NEW YORK (AP) â€” The regulator that oversees mortgage giants Fannie Mae and Freddie Mac expects the pair to start using a clearinghouse to hedge against interest-rate changes, according to a Wall Street Journal report.
The Federal Housing Finance Agency will force the mortgage financiers to trade interest-rate swaps through central clearinghouses instead of through private deals, according to anonymous sources cited by the Journal.
Interest-rate swaps are derivatives contracts that companies complete to minimize potential losses when interest rates fluctuate. The deals are especially important to companies with large loan portfolios that are susceptible to changing rates.
There were $341.886 trillion in outstanding interest-rate swaps worldwide as of June 2009, according to the Bank for International Settlements.
Using a clearinghouse to complete trades would essentially provide a safety net for the deals by guaranteeing them should either of the companies involved in the trades default. It would also add a layer of oversight and transparency that regulators argue was sorely lacking during the credit crisis.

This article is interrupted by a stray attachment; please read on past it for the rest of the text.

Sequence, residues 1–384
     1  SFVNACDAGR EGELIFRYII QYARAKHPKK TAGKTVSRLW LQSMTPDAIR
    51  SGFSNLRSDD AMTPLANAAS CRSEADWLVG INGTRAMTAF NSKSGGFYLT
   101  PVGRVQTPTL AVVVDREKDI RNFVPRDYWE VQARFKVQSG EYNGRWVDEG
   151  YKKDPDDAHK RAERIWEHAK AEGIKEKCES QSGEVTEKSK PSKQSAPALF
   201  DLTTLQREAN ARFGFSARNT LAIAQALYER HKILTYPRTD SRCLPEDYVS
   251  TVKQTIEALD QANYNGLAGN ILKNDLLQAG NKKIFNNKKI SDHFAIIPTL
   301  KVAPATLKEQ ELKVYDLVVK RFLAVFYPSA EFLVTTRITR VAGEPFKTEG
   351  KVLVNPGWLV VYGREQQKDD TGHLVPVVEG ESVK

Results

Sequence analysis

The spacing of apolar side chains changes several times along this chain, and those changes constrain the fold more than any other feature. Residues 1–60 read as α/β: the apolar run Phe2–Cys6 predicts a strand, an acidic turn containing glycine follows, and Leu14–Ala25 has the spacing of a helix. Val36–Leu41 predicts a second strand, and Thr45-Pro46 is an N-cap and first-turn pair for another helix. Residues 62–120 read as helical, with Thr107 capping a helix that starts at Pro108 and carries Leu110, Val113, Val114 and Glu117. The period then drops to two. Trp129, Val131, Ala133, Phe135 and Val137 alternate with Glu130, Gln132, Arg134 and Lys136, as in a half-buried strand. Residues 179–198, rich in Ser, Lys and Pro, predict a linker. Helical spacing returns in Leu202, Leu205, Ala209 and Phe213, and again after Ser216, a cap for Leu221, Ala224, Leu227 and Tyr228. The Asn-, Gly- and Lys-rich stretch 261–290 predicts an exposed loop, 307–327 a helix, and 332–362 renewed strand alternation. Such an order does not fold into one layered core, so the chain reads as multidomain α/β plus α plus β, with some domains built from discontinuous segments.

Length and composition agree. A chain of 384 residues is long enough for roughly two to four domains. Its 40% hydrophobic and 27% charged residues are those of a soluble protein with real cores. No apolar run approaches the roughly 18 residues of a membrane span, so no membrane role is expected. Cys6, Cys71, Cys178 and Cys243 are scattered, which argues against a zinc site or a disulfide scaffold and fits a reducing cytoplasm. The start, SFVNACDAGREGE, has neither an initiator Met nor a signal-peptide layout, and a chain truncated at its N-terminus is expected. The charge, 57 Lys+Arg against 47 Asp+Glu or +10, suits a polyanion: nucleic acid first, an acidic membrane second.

Risky derivatives trading in recent years was considered one of the biggest reasons for the collapse of the credit markets because there were no guarantees as many derivative contracts lost value or defaulted. The private deals also meant regulators could not gather data to determine if companies were taking excessive risks.
The Journal said Fannie and Freddie moving to clearinghouses could cut margins on the deals for banks, such as Goldman Sachs Group Inc. and JPMorgan Chase & Co., that typically structure the deals and then sell them to clients. Companies that operate central clearinghouses, such as Nasdaq OMX Group Inc. and CME Group Inc., would benefit from the new business.